After three years and a concerted effort to push through incentive auction legislation, Congress has finally accepted that practically everyone and their grandparents have gone mobile and there’s no turning back. If you want your apps to keep working, appreciate calls that don’t drop, enjoy speedy data transfers and online videos that don’t endlessly buffer, you are one of many millions of Americans who should be thrilled about the action taken by Congress to make more spectrum available.
Last week, Congress passed a provision in the payroll tax bill to free up underutilized spectrum. To many Americans, the way Washington works is often times confusing. It made much more sense for the Supercommittee on Deficit Reduction to include spectrum in its grandiose plans than it did to authorize auctions through a payroll tax extension. The reality of the situation is that most of us don’t really care how the sausage gets made; we just want to enjoy it.
With overwhelming support for this provision from the tech industry, the proceeds of these voluntary incentive auctions are expected to generate more than $25 billion in revenue.
President Obama weighed in on the issue, stating, "[These auctions] will help the United States out-innovate the rest of the world by unleashing mobile broadband." At a time when government action was needed most, the passage of this bill will make available much needed spectrum to fuel and strengthen our wireless networks.
The stats coming out of various studies and reports show the exponential growth of the industry in startling clarity. There are more wireless devices being used in the U.S. than people. Today’s devices utilize anywhere from 24-120% more bandwidth than their predecessors with no end in sight.
The recently passed incentive auction legislation is a win for the wireless broadband industry, people who love their mobile devices and the U.S. economy at large.
At the end of the day, here are the five things you should know about the renewal of the payroll tax bill:
1. Our leadership is strong.
Under Reps. Greg Walden (R-OR) and Fred Upton (R-MI), Congress has authorized the Federal Communications Commission (FCC) under Chairman Julius Genachowski to move forward with voluntary incentive auctions for spectrum. While they don’t agree on everything, all sides grasp the seriousness and immediacy of the issue and sent a message loud and clear to the American people that our leadership in Washington intends to support policies that drive and support innovation.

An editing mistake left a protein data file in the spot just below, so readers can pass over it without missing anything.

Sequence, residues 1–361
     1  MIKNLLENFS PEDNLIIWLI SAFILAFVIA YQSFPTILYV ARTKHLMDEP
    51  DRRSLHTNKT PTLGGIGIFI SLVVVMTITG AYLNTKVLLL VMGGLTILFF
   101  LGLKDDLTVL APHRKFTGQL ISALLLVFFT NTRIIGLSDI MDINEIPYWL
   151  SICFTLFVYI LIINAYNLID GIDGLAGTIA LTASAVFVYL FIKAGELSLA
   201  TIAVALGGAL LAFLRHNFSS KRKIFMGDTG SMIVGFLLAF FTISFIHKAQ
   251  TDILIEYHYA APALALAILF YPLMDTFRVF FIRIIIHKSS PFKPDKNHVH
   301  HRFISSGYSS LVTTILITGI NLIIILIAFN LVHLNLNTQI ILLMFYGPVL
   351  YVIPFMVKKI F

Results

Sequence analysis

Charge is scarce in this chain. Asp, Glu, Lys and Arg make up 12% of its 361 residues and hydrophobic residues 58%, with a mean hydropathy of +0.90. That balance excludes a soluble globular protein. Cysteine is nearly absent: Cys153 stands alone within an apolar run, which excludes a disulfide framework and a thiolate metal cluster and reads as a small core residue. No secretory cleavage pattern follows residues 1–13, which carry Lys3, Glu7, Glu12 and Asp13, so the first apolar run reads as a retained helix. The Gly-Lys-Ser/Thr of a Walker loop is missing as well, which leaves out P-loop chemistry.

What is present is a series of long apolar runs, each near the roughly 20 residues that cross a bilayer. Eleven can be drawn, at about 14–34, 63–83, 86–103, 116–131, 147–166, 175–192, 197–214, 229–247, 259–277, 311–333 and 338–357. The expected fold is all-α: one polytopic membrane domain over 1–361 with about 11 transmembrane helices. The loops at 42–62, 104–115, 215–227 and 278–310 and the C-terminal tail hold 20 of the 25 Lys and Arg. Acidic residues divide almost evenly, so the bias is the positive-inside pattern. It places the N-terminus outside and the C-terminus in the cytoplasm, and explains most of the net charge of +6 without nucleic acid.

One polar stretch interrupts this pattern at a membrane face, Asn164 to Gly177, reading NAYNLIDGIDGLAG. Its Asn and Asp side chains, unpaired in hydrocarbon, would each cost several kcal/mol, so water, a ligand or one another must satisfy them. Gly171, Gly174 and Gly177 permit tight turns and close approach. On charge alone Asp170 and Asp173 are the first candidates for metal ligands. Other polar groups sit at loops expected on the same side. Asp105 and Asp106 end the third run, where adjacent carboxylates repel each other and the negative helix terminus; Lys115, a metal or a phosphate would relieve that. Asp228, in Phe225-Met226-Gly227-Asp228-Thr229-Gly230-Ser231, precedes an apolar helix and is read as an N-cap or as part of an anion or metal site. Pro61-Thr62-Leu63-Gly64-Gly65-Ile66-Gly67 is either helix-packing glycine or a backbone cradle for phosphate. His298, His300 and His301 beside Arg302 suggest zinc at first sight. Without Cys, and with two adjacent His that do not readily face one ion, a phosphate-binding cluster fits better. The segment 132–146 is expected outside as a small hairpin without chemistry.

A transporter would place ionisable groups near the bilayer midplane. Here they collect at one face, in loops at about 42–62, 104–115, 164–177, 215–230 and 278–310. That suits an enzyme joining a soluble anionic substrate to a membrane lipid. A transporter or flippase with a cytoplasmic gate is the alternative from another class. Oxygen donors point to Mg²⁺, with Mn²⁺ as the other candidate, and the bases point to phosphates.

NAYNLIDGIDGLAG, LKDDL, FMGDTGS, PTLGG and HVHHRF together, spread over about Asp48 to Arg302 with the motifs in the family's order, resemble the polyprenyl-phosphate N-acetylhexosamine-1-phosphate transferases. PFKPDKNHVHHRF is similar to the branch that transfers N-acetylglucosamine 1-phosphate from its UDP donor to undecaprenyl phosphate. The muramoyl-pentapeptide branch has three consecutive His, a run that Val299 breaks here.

2. TV doesn’t need it, mobile does.
Broadcast TV companies have a stockpile of spectrum that will be applied to its highest and best use rather than languishing in the vault. This benefits the American consumer to a great degree. Innovation isn’t coming out of the broadcast television world. It’s coming from lofts in San Francisco, startups in Silicon Valley, and garages in Modesto.
3. The clock is ticking.
We need spectrum freed up immediately and deployed as quickly as possible. Unfortunately, we face a long road ahead as many analysts predict a 7 to 10 year timeframe before the spectrum gets deployed. Success can be obtained through bipartisan support and will require concessions from Congress and the FCC in order to see this FCC, our strongest in decades, lead us to the "promised land." This process needs to be about spurring innovation and keeping Americans connected, employed, and globally competitive, not about political agendas.
4. The race for global competitiveness has already started, and the U.S. has fallen behind.
Simply put, government gave broadcast TV spectrum for free decades ago—far before anyone could even envision the explosion in mobile innovation and long before there were tablets and apps. The spectrum flailed in purgatory for far too long. While other countries embraced an aggressive tech agenda, the U.S. succeeded in spite of its own policies. We’re back, and we’re gunning for the top of the leader board.
5. Infrastructure is your friend.
Our mobile devices are fueled by what Chairman Genachowski calls the "visible" and "invisible" infrastructure. Cell towers are the visible infrastructure. The invisible infrastructure includes spectrum and Wi-Fi. We focus on the fact that innovation and consumer happiness ride on the rails of our nation’s networks. So when our wireless networks are strong, so is America.
The effects of last week’s Congressional action will be felt across the entire country when this spectrum is finally deployed. California’s consumers and business community will be one of the largest beneficiaries as our state is the heart and soul of today’s innovation economy. While we are headed in the right direction, we need to keep the pressure on and continually remind our elected leaders and their appointees of what it is we need to be successful—more spectrum. This is not only today’s issue, but tomorrow’s as well. In time, through further innovation, creative business solutions and a common sense regulatory environment, we can and will overcome the dreaded spectrum crunch.